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Rate and predictors of psychotic symptoms after Kashmir earthquake

Rate and predictors of psychotic symptoms after Kashmir earthquake
Rate and predictors of psychotic symptoms after Kashmir earthquake


Psychotic symptoms are more common in general population than validated diagnosis of psychosis. There is evidence to suggest that these symptoms, hallucinations, paranoia, elated mood, thought insertion, are part of a spectrum of psychosis and may have association with the same risk factors that determine development of psychosis. These symptoms have an association with exposure to psychological trauma, post-traumatic stress disorder, anxiety and depression. The aim of this study was to explore the prevalence of psychotic symptoms in the population affected by a natural disaster, earthquake in this case and possible correlates of these symptoms. We conducted a cross-sectional survey of a population sample affected by the disaster, comprising of 1,291 individuals, 18 months after 2005 earthquake in Northern Pakistan and Kashmir to look at the prevalence of these symptoms and their correlates. Screening Instrument for Traumatic Stress in Earthquake Survivors and Self-Reporting Questionnaire and Psychosis Screening Questionnaire were used as tools. We examined association between the symptoms of anxiety, depression, PTSD and psychotic symptoms. We performed logistic regression analysis where hallucinations and delusions were dependent variables and demographic and trauma exposure variables were independent variables. The prevalence of psychotic symptoms ranged between 16.8 and 30.4 %. They were directly correlated with symptoms of post-traumatic stress disorder as well as concurrent symptoms of anxiety and depression. Lower level of education had a strong association in all the regression models. For hallucinations, living in a joint family had a negative association and participation in rescue, history of exposure to previous trauma and past psychiatric history had positive association. Paranoia was associated with female gender. Any psychiatric symptom was associated death of a family member, history of past psychiatric illness and living in a tent at the time of interview. Pattern of association of psychotic symptoms is consistent with prior literature and can be understood in the light of stress vulnerability model.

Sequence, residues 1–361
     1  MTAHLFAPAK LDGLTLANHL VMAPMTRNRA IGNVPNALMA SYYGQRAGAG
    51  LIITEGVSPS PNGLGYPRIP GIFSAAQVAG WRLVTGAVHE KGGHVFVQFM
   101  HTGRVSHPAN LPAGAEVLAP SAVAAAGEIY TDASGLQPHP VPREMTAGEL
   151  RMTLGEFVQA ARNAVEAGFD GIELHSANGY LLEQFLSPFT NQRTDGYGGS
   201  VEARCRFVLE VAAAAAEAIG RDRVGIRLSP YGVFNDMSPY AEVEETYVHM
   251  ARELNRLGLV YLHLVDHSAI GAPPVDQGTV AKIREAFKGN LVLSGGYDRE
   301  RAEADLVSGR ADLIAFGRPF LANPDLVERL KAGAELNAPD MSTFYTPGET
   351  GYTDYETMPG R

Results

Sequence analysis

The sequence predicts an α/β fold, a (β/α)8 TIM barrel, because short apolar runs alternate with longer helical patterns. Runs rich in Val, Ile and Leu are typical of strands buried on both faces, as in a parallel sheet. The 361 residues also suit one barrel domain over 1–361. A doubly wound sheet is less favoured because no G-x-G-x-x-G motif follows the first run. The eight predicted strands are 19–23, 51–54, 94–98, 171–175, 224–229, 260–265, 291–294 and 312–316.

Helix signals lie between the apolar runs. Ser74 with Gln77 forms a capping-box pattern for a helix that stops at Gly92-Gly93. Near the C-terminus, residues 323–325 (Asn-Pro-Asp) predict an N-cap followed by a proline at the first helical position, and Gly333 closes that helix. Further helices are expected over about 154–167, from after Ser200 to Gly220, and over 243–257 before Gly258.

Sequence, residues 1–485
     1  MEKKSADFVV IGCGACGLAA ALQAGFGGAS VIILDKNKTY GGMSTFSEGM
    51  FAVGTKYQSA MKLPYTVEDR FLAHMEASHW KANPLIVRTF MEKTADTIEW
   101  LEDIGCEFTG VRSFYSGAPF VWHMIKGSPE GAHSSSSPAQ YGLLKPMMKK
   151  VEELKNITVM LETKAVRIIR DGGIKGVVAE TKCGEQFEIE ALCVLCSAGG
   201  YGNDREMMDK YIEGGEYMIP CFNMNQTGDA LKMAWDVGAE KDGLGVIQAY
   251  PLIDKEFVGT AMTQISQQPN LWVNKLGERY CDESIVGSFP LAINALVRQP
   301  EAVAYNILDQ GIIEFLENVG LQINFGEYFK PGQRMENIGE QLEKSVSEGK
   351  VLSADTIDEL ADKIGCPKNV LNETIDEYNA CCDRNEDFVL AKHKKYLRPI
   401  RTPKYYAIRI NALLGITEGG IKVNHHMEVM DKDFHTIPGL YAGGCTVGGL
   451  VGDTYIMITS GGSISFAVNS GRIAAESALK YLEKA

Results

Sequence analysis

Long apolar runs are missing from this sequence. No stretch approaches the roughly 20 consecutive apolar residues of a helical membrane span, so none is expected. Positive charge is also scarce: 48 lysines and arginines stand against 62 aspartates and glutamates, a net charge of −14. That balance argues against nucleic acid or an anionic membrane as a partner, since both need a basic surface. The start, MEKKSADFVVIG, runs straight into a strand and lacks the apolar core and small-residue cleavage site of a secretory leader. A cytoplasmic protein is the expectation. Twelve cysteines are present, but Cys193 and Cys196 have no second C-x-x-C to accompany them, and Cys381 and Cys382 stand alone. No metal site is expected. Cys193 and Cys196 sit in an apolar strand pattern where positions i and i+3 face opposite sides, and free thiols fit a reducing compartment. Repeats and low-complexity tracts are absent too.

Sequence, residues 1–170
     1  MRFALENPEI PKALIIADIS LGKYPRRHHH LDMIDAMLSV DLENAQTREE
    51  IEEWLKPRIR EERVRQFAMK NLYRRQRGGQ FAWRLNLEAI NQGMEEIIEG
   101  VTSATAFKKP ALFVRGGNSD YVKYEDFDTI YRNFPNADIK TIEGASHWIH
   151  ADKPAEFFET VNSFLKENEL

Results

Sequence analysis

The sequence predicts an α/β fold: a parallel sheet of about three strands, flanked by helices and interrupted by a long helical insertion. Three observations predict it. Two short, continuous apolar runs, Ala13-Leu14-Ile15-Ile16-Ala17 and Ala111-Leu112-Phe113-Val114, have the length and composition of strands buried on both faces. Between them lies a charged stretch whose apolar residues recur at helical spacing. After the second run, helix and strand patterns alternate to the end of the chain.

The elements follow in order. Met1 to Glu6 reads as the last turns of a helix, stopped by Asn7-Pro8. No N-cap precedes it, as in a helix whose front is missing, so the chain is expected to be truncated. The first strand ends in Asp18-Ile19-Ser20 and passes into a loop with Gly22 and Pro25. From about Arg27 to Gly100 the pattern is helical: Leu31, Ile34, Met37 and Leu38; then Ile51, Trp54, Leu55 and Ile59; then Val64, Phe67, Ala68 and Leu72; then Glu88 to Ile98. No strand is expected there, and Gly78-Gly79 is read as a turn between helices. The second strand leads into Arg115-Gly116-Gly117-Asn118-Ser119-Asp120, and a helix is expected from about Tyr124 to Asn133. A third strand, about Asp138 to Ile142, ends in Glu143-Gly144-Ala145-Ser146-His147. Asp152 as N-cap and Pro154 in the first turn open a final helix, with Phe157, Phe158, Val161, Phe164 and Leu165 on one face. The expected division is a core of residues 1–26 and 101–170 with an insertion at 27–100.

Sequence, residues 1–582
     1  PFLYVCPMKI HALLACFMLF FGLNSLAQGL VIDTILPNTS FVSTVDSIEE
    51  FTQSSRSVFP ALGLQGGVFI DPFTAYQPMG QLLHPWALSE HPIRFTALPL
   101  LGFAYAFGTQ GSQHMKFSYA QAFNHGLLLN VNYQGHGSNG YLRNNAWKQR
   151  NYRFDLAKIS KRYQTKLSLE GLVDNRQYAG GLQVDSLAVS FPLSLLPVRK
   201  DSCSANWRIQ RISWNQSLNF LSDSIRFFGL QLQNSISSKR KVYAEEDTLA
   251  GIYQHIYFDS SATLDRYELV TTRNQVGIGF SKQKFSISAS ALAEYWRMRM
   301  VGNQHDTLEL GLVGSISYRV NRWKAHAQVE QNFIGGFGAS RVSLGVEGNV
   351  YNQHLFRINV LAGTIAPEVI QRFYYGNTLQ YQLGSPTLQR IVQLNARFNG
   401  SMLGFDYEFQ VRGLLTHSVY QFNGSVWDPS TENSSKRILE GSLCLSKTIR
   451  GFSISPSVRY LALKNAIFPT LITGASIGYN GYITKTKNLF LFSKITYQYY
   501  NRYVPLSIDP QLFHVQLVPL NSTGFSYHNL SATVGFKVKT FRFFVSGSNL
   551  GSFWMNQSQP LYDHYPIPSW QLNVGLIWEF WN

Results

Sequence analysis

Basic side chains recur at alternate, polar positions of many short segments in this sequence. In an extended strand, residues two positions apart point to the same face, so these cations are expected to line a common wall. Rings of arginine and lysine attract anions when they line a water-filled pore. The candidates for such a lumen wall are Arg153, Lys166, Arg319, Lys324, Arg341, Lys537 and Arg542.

natural disasters, developing countries, Pakistan, hallucinations, paranoia, psychological trauma
0940-1334
Ayub, Muhammad
fa9854ec-fc27-40c4-8fb9-d45d8323d6ed
Khalid, Saeed
3bbbc5b3-92ce-4b59-868a-dc21363b1c7c
Kingdon, David
14cdc422-10b4-4b2d-88ec-24fde5f4329b
Farooq, Naeem
b1be4cb9-847d-4c71-8711-c58fcd586500
Ayub, Muhammad
fa9854ec-fc27-40c4-8fb9-d45d8323d6ed
Khalid, Saeed
3bbbc5b3-92ce-4b59-868a-dc21363b1c7c
Kingdon, David
14cdc422-10b4-4b2d-88ec-24fde5f4329b
Farooq, Naeem
b1be4cb9-847d-4c71-8711-c58fcd586500

Ayub, Muhammad, Khalid, Saeed, Kingdon, David and Farooq, Naeem (2014) Rate and predictors of psychotic symptoms after Kashmir earthquake. European Archives of Psychiatry and Clinical Neuroscience. (doi:10.1007/s00406-014-0561-1). (PMID:25421792)